Scott A. Roberts, Ph.D.

Image of Roberts-Scott-A-2021-07-13-medium-crop

Dr. Scott A. Roberts is a Distinguished Research and Development Chemical Engineer in the Thermal/Fluid Component Sciences Department, Engineering Sciences Center at Sandia National Laboratories in Albuquerque, New Mexico. He has a B.S. in Chemical Engineering from the University of Kansas and a Ph.D. in Chemical Engineering from the University of Minnesota, under the supervision of Prof. Satish Kumar. He has worked at the Sandia National Laboratories since 2010 on a variety of projects, please see the research page for more information.

News

  • Kintsugi imaging paper published in JES

    Imaging as-manufactured battery electrodes is important for determining their performance, yet it is often difficult to segment images from scanning electron microscopy due to the electrons’ ability to see through pores. In a paper recently published in the Journal of the Electrochemical Society (doi: 10.1149/1945-7111/ac7a68), Scott, along with collaborators at Imperial College and ThermoFisher Scientific, developed a new "Kintsugi" method of unambiguously resolving all three phases in battery electrode imaging.

  • Postdoctoral openings in hypersonics TPS M&S

    I am actively recruiting for multiple post-doctoral positions in modeling and simulation of thermal protection system (TPS) materials for hypersonic vehicles. Requires a Ph.D in a science/engineering discipline with prior modeling and simulation experience and U.S. citizenship. If you’re interested, apply at the link below and reach out to me with questions.

    Job posting on Sandia’s website

  • Effect of battery electrode manufacturing heterogeneity on transport properties

    Ph.D. student Chance Norris published his first first-author paper in ACS Applied Materials & Interfaces! In this work, we study the heterogeneity of commercially manufactured graphite electrodes for lithium-ion batteries using x-ray computed tomography and computational simulation. This heterogeneity spans multiple length scales, from the particle shape/morphology to that spanning multiple images samples. We show that heterogeneity at all scales influences the eventual transport properties of the electrode. DOI: 10.1021/acsami.1c19694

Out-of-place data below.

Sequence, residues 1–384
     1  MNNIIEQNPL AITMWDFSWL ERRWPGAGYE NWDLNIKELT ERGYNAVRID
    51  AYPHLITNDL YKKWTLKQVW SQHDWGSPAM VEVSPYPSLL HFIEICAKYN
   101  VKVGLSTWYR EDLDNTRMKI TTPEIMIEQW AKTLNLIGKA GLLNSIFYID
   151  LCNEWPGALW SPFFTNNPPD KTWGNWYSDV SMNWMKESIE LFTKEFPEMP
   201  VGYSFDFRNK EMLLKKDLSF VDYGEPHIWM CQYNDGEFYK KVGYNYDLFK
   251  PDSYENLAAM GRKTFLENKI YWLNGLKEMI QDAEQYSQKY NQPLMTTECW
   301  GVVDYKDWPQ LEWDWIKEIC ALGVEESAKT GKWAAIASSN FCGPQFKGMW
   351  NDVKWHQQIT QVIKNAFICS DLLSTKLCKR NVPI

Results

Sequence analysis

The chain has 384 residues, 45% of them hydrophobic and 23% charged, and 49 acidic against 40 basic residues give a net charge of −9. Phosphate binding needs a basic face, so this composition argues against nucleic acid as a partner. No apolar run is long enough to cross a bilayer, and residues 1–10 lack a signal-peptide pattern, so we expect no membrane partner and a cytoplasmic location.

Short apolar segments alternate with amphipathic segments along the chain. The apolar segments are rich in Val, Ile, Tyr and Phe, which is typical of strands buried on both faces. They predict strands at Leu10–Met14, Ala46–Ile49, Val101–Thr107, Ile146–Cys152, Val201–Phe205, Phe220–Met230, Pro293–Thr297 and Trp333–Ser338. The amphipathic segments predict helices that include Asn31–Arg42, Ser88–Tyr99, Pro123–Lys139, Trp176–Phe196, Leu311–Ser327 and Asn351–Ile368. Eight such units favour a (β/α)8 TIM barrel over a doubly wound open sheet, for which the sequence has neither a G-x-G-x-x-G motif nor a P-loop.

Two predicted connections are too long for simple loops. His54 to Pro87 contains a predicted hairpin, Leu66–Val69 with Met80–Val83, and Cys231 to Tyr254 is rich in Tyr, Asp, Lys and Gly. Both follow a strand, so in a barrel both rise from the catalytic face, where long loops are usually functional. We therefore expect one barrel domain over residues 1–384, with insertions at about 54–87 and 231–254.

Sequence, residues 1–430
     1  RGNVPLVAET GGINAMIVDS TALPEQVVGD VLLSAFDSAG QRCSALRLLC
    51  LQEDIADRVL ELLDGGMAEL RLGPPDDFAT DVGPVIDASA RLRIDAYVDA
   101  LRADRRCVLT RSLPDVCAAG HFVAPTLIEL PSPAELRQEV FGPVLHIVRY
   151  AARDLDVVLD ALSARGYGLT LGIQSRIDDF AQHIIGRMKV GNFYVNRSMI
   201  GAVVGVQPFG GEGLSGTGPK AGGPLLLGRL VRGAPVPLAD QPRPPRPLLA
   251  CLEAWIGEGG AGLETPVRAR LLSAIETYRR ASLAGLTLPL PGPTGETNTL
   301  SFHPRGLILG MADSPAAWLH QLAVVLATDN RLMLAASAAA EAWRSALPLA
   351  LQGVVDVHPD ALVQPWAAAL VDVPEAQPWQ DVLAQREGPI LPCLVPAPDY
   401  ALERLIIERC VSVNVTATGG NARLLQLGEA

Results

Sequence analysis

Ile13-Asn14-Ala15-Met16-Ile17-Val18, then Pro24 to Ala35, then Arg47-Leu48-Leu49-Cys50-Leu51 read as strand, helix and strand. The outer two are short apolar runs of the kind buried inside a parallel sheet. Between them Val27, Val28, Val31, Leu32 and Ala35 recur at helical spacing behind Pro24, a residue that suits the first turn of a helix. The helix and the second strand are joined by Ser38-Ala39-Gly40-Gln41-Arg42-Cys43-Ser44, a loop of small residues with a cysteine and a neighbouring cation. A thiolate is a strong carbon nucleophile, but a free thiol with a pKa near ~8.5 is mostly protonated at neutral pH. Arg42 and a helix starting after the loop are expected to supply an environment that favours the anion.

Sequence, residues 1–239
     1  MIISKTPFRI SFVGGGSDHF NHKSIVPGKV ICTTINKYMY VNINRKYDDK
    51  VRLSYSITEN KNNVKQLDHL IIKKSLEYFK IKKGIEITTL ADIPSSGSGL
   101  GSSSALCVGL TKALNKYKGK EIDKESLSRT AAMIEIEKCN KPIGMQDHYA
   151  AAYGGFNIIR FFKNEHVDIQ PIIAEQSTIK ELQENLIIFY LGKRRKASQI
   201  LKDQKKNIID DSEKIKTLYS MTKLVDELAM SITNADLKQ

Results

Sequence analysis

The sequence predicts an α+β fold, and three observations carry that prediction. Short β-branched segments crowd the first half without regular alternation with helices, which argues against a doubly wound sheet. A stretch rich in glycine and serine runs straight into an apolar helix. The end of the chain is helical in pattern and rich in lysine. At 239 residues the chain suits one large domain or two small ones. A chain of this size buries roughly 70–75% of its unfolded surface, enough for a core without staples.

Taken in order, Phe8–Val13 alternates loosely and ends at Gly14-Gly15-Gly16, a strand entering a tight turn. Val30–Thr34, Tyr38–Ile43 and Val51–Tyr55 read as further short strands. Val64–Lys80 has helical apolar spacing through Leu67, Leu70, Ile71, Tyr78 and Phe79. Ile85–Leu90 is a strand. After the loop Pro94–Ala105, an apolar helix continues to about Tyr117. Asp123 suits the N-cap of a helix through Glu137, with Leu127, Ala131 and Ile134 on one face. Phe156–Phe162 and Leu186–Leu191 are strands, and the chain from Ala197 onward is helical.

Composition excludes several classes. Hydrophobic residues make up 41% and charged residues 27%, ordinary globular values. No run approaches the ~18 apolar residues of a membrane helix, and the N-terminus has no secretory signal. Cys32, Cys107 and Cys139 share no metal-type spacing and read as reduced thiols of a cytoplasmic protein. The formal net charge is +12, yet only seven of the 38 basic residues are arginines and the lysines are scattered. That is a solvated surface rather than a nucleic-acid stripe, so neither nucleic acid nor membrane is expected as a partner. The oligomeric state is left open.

• Cryo SEM identifies relationship between pressure and short circuits

    In a collaborative paper recently published in iScience, we use novel cryogenic electron microscopy to show the relationship between eternally applied pressure, lithium dendrite growth, and short circuits in lithium batteries. While pressure improves Li inventory retention at high currents, higher pressures promotes sh ort circuits. Thicker or multiple separators only masks this effect. Available open source at DOI: 10.1016/j.isci.2021.103394

  • Method of calculating diffusion coefficient from GITT published in ACS AEM

    What is “the diffusion coefficient”? A harder question than we first thought. In a new paper in ACS Applied Energy Materials, we show a more objective and accurate way to calculate the diffusion coefficient from GITT data specific to its end use. We realized that the diffusion coefficient used in a non-ideal (non-Fickian) diffusion model is different than the standard Fickian one. The value you calculate depends on its end use. Also interesting was that the non-ideal diffusion model fit discharge data across discharge rates much better than the Fickian model, even when each used their best fit diffusion coefficients. DOI: 10.1021/acsaem.1c02218

  • A checklist for verifiable battery modeling research

    Do you ever find battery modeling papers that don’t quite have all of the requisite modeling details for you to replicate or understand the results? In collaboration with 28 other researchers from around the globe through the BMWS community, we published an article in ACS Energy Letters proposing a checklist that would be used by all future battery modeling papers to make sure they provide the necessary information to interpret the work. DOI: 10.1021/acsenergylett.1c01710